Rivals Close In on Nokia

The latest earnings reports show just how deeply Samsung and Sony Ericsson have bitten into Nokia's considerable piece of the mobile handset market. But will their feast continue?

Yesterdays earnings reports from Nokia Inc. and Sony Ericsson Mobile Communications AB, and another Friday morning from Samsung Electronics, played out like classic David vs. Goliath drama with Nokia, titan of the mobile handset market, foundering under the slings and arrows of nimble competitors.

Nokia dominated the opening scene yesterday with a good-news, bad-news report for the quarter ending June 30. Net profits were up, but net sales were down. Net operating profit was up but—get ready for the wallop—mobile phone sales were down. This from the company that essentially defined the market.

By contrast, sales at Sony Ericsson, which reported later in the day, were up 34 percent. And Samsung then added insult to Nokias injury with its report that the company tripled second-quarter profits over that of a year ago. Handsets are just one part of Samsungs overall business but, more than others, Samsung has driven the handset market with clamshell designs that feature color screens and cameras. That formula scored the company record sales of 22.7 million phones last quarter.

/zimages/5/28571.gifClick here for reviews of six multifunction cell phones.

Like any good CEO, Nokia Chairman Jorma Ollila put a rosy spin on the story during Nokias earnings call. The company, he said, "managed to limit negative market share through product introductions and selective price cuts."

For the record: Net profit was up 14 percent from 624 million euros ($777 million) in the same quarter last year to 712 million euros; net sales were down from 7 billion euros to 6.6 billion euros. Operating profit was up 11 percent from 818 million euros to 907 million euros on a one-time 90-million-euro return. Mobile phone sales dropped 13 percent to 4.2 billion euros from Nokias year-ago quarterly performance of 4.8 billion.

And the immediate outlook doesnt look too good. In the coming quarter, the company expects net sales of between 6.6 billion euros and 6.8 billion euros, compared to 6.9 billion euros in the same quarter last year. (Statisticians sitting out there with pencils sharpened might want to look at the companys full presentation.)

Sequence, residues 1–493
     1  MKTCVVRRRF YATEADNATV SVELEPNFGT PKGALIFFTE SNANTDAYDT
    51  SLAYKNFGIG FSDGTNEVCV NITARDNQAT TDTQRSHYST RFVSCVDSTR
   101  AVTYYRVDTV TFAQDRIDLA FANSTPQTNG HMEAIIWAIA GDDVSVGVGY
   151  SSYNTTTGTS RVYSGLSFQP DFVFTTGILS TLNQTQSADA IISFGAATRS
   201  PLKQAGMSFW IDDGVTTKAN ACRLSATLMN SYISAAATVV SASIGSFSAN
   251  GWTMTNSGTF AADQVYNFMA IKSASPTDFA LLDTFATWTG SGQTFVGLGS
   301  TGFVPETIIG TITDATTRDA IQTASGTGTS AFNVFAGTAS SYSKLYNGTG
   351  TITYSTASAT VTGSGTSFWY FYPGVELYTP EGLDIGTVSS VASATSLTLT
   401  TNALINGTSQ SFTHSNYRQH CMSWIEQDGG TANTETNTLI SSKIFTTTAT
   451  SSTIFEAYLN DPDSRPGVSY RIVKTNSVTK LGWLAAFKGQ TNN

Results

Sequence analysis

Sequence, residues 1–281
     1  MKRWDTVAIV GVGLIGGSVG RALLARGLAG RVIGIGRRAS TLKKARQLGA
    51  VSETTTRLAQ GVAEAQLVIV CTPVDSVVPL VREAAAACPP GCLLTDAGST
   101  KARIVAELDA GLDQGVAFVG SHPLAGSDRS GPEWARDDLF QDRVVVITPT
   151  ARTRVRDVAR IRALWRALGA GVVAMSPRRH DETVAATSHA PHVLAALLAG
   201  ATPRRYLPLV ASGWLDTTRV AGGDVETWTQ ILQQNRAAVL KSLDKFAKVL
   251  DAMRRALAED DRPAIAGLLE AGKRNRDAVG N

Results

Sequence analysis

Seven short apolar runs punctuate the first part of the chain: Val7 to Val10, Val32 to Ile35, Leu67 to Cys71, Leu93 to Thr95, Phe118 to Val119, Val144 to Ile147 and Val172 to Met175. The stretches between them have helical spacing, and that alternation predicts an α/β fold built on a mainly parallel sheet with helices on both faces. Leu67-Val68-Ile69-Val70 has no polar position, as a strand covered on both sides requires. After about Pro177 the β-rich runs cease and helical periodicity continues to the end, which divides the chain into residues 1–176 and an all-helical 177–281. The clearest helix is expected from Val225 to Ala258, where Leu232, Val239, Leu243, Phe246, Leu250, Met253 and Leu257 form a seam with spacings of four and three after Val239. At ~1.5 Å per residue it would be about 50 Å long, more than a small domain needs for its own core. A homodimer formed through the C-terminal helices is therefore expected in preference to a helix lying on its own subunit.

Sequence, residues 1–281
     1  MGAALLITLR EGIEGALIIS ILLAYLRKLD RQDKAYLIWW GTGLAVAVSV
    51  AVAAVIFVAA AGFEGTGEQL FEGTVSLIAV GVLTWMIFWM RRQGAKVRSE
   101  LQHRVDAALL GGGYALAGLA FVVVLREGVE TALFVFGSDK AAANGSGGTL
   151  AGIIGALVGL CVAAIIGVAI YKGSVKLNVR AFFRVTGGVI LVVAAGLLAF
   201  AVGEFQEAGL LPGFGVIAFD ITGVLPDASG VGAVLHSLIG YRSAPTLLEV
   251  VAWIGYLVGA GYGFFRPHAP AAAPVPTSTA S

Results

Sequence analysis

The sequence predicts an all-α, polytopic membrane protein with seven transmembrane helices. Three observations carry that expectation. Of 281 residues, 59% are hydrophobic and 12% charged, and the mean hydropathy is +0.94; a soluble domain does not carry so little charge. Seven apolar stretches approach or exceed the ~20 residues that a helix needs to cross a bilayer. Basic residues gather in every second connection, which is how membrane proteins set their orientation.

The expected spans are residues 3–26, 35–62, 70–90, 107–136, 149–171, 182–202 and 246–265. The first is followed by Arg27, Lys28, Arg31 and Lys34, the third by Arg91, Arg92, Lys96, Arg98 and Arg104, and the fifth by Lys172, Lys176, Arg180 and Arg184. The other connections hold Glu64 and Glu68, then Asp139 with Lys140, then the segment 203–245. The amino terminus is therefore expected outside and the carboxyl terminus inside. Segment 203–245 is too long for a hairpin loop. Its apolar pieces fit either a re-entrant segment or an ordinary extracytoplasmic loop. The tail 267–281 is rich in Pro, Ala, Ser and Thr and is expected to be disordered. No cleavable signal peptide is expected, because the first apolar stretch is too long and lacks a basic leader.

None of this should come as a surprise. Near-monopolies have a way of eroding as others find ways to make money in the same market. For years, Nokia was the 800-pound gorilla in mobile handsets. And it still is. It just isnt what it used to be. In May, Stamford, Conn.-based Gartner Inc. released a report that showed Nokias dominance is dwindling, and dwindling fast. According to Gartner, Nokias 35 percent market share in the first quarter of 2003 had slipped nearly 6 percent by the first quarter of 2004. For its part, Nokia admits it arrived too late to the clamshell-and-camera-phone party.

To that, Ben Wood, Gartners principal analyst for mobile terminals and cell phones, added another reason: "the decision by operators in Western Europe to source more phones from Nokias competitors." That would be Sony Ericsson, among others. Motorola, Samsung and Siemens all saw growth in the mobile terminal business last year at Nokias expense.

/zimages/5/28571.gifClick here for Carol Ellisons analysis of the BlackBerrys success in the handheld market.

Returning to Thursdays events, we jump from Finland to Tokyo and Stockholm where Sony and Ericsson, equal partners in the mobile communications venture that bears their names, jointly released their earnings report just hours after Nokias. Sony Ericsson announced a stunning 34 percent increase in sales over the same quarter of the previous year and an increase in net income of 177 million euros. The company also upped its global sales projections for the year by 50 million units. (Click here for the webcast.)

Sony Ericsson President Miles Flint attributed his companys performance to "continued strong demand for our style-oriented lineup of imaging and multimedia phones." The company underscored the point by announcing three new GSM phones and a camera phone for gamers the same day.

For its part, Nokia made no secret of its plan for aggressive pricing. It cut pricing last quarter on consumer phones. "We thought Nokia could at least stop the declining market share in the quarter," said Gartner analyst Carolina Milanesi. "They did manage to do that in Western Europe but not all across the globe."

Whats more, the enterprise did not see the benefit of the price cuts that targeted consumer phones. "They are very careful on how theyre cutting their pricing," said Milanesi, noting that Ollila told analysts he wants to win market share, not buy it.

Im not so sure. Nokia remains the 800-pound gorilla in the handset business. It may be down but its hardly out.

Gartners first quarter analysis pegged Nokias market share at a diminished-but-still-sizeable 28.9 percent, compared with Sony Ericsson, which is in the No. 5 position with a growing-but-still-small 5.6 percent share of the market; Motorola, in second with 15.4 percent; Samsung, with 12.5 percent; Siemens, with 8 percent; and "others," with 23.3 percent.

Nokias market share is still leagues ahead of its competitors and, if it should choose to further price cuts, it could pressure "others" even if its odds-on competitors do not feel the bite.

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